In terms of bandwidth, I consider only the HTTP(S) part, and neglect DNS. I estimate the traffic at HTTP payload level, thereby neglecting the overhead added by lower layer encapsulations (probably TCP > IP > MPLS > Ethernet). Most importantly, I estimate downstream traffic only, i.e., I do not seek to estimate Google's internal traffic between datacenters.
Youtube -- around ~20Tb/s downstream capacity requiredWe can estimate Youtube average downstream traffic as: [downstream traffic for Youtube] = [number of minutes of videos watched on youtube / month] * [downstream data per minute a video watched]
Youtube statistics provide the data required for our calculations: "Over 6 billion hours of video are watched each month on YouTube".
The bitrate of a video depends on its resolution, codec, and encoding quality. Let's take a simple assumption: a 90 minutes movies weigths about 900MBytes. So let's take 10MBytes per minute as the average bitrate for youtube video.
This gives us:
[downstream traffic per month for Youtube] = 6 *10^9 * 60 * 10^7 Bytes / month
= 3.6 * 10^18 Bytes / month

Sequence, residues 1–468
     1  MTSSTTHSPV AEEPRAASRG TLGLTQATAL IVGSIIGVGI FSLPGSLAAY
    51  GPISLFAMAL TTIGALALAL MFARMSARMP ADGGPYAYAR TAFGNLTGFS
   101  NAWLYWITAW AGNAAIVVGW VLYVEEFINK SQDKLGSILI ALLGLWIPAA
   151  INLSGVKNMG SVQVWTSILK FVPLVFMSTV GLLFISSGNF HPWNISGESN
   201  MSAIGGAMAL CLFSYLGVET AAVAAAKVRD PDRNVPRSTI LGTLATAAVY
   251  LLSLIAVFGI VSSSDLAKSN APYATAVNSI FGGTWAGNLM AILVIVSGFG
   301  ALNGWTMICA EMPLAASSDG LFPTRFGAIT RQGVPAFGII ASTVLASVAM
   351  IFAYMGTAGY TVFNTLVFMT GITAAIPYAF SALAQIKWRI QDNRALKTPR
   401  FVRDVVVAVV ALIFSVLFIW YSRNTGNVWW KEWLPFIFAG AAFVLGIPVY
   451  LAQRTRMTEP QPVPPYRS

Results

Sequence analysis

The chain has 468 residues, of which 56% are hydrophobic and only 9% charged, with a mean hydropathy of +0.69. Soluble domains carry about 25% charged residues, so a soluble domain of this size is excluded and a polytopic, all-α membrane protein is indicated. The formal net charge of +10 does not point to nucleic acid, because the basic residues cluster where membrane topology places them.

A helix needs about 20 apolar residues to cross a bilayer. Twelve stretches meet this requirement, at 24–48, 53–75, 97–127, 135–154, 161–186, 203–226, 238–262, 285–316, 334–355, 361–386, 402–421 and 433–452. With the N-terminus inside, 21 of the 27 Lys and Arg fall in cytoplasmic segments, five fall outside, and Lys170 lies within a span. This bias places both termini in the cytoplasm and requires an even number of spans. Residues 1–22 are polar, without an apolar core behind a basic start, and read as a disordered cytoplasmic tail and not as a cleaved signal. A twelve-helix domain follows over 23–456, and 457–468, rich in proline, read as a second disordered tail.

= 2.9 * 10^19 Bits /month
Let's convert this to the average downstream capacity required by Google for Youtube: [average downstream bandwidth for Youtube] = [downstream traffic per month for Youtube] / [number of seconds in a month] = 2.9 * 10^19 / (30.5 * 24 * 60 *60) Bits/s = 11 Tb/s
Now let's calculate the capacity to handle peak hour, considering that the peak traffic is about twice the average traffic. [required downstream capacity per month for Youtube] = 2 * [average downstream bandwidth for Youtube] ~= 22 Tb/s
That's enormous !!
Let's do a sanity check on this figure. It's larger than what I expected to find actually. The reason for this is the bitrate of the videos. Most video are not HD, so they do not weight 10MBytes / minute. Maybe we should divide our estimate by 2. But that's not the point: I am looking for an estimate of the order of magnitude, not for the exact figure.